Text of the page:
There were so many, but I think traveling to Europe was one of my most memorable experiences. When I first joined the service I was really doing it for the G.I. bill benefits, so I wouldn’t have to have a whole mountain of debt after I finally found my way and finished college. I was a non-overseas volunteer. I didn’t really care about traveling, I just wanted to get the benefits. I started to talk to other military people since I was in the military and they were talking about these places they’ve been and these exciting adventures and so, I thought wow and I’m a non-overseas volunteer, so I went over to personnel and I changed my what they refer to as a dream sheet and there were only so many places I could go because of my work. Every hospital does not have an OR and the top choice on my dream sheet was Spain. I actually got orders to Spain. When I got those orders and then I actually landed there and started to experience the culture of Spain, the people and food, it was astounding, it was eye-opening.

Question 3.

a. Is this where you thought you’d be 5 or so years ago?

Absolutely not, and actually as a matter of fact I had that conversation with my husband recently. I said: you know what, if there is a hereafter, after-life my dad must be beaming because to have the kind of job that I have, I’m a professor at a university and I’ve been so far, including this year, 18 years. I’m teaching what I do for a living and it’s a lovely lifestyle. The time off is fantastic. Interacting with the students, helping an entirely new generation of people find their way professionally and personally, I never would’ve dreamed that I’d have such a job.

b. What informed your decision on doing what you’re doing now?

The way you put that question was perfection. For me it has been a gradual practice and I will tell you how it started. It took me so long to finish undergrad. It took me nearly 20 years, being here and there. While I was an undergrad I was still stationed overseas and I was taking classes on base but they were European teachers. This took place at the University of Maryland, in what they would refer to as the overseas division. I think they call it their global campus now. I had a teacher, her name was Mrs. Ranley and Mrs. Ranley and her husband had been expatriate Americans, teaching all over Europe and living there.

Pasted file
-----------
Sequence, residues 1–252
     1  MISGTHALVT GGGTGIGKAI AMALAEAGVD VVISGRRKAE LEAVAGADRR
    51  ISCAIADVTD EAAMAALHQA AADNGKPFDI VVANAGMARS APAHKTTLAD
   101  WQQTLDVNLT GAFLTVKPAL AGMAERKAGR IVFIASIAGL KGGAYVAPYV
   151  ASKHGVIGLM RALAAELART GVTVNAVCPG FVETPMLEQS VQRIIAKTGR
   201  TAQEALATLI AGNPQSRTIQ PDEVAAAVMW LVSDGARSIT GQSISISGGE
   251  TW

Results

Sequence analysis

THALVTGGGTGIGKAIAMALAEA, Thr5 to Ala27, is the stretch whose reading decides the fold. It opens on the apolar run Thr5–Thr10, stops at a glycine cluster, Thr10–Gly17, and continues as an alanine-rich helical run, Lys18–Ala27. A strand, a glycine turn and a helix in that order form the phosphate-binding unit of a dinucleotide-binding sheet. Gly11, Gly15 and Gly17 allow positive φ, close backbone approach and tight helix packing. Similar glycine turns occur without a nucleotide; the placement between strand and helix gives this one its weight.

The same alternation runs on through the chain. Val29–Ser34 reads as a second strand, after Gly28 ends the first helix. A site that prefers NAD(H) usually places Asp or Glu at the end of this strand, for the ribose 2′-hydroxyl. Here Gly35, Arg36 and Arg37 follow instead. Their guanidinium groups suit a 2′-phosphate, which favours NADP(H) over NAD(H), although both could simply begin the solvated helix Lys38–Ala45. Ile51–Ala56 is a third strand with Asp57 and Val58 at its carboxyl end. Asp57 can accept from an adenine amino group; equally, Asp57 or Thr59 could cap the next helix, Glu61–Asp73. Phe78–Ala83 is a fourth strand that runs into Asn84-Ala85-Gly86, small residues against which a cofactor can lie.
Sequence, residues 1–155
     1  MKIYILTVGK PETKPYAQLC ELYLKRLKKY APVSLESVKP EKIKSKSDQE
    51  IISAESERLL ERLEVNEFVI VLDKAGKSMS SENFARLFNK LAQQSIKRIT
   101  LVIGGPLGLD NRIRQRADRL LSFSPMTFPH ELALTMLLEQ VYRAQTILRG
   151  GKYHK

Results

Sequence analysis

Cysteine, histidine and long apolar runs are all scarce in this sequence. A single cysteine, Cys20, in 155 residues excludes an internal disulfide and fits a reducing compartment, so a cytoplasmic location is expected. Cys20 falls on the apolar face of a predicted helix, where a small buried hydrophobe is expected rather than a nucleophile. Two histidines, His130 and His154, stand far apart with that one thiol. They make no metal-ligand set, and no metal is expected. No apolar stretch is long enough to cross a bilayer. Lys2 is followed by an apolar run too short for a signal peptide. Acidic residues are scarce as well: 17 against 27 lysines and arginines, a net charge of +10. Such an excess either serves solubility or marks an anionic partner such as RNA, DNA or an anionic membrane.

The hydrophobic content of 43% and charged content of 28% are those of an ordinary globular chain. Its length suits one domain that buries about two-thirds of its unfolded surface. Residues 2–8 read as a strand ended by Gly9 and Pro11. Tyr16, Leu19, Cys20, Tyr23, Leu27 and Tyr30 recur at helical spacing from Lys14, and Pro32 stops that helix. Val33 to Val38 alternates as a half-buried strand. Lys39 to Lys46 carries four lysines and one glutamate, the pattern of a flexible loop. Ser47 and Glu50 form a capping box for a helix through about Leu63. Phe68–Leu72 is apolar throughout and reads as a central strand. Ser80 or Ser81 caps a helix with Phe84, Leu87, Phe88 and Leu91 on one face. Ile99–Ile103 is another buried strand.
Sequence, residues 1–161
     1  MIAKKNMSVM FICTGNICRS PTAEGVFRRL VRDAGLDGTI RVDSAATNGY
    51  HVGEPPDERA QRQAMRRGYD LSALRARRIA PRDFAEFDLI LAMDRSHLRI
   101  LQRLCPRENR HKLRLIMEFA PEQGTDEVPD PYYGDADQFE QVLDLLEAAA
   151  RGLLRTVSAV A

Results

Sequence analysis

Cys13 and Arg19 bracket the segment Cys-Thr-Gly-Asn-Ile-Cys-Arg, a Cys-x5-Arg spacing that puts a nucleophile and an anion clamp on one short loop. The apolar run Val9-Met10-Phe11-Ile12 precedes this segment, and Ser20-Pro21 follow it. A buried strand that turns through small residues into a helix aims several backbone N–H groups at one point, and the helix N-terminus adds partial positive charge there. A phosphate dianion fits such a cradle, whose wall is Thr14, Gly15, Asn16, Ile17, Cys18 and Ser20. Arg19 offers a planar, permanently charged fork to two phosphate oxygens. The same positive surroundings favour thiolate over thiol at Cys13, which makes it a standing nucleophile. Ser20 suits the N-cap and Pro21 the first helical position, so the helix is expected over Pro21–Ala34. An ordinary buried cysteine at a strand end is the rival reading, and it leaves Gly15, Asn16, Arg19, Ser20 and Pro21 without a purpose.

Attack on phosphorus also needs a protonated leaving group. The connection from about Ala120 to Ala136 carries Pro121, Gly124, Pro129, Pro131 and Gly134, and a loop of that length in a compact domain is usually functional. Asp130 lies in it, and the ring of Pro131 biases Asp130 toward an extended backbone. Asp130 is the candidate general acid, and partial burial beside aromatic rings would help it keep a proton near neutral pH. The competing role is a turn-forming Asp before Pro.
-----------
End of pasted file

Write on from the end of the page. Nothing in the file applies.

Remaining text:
By the time I met her she was older, she was in her seventies already, almost where I am now. Bless her, Mrs. Ranley was teaching Greek mythology and the way she taught it, it was like Zeus and Hera and all the Greek gods had been her next door neighbors. I thought to myself, here’s a woman who’s older, her health wasn’t perfect at the time, but she was still able to work and make a living. She was still able to be out there interacting with people of all ages, and she was so fascinating. She had written a book and so forth. In my head I thought, if I get a masters at some point I would do that. I would love to be able to do that, so over time what really happened here I started teaching as an adjunct just to make some extra money.

I thought to myself instead of trying to get a job at the mall, let me do what I do for a living. I started out adjunct teaching, my full time job was working as a public affairs officer at an agency. Then I started adjunct teaching business courses for Wilmington University, and then Wesley College, and then Delaware State University, so over a period of five years I was teaching at three different schools. I taught with Wilmington the entire five years and then Wesley I was teaching there two years, and then I taught at Delaware State over the summer. At that point one of my colleagues, now retired Dr. Marcia Taylor told me that there were some openings. Openings for adjunct and for full time, I applied and I got accepted.

Question 4.

A. What are your plans for the future?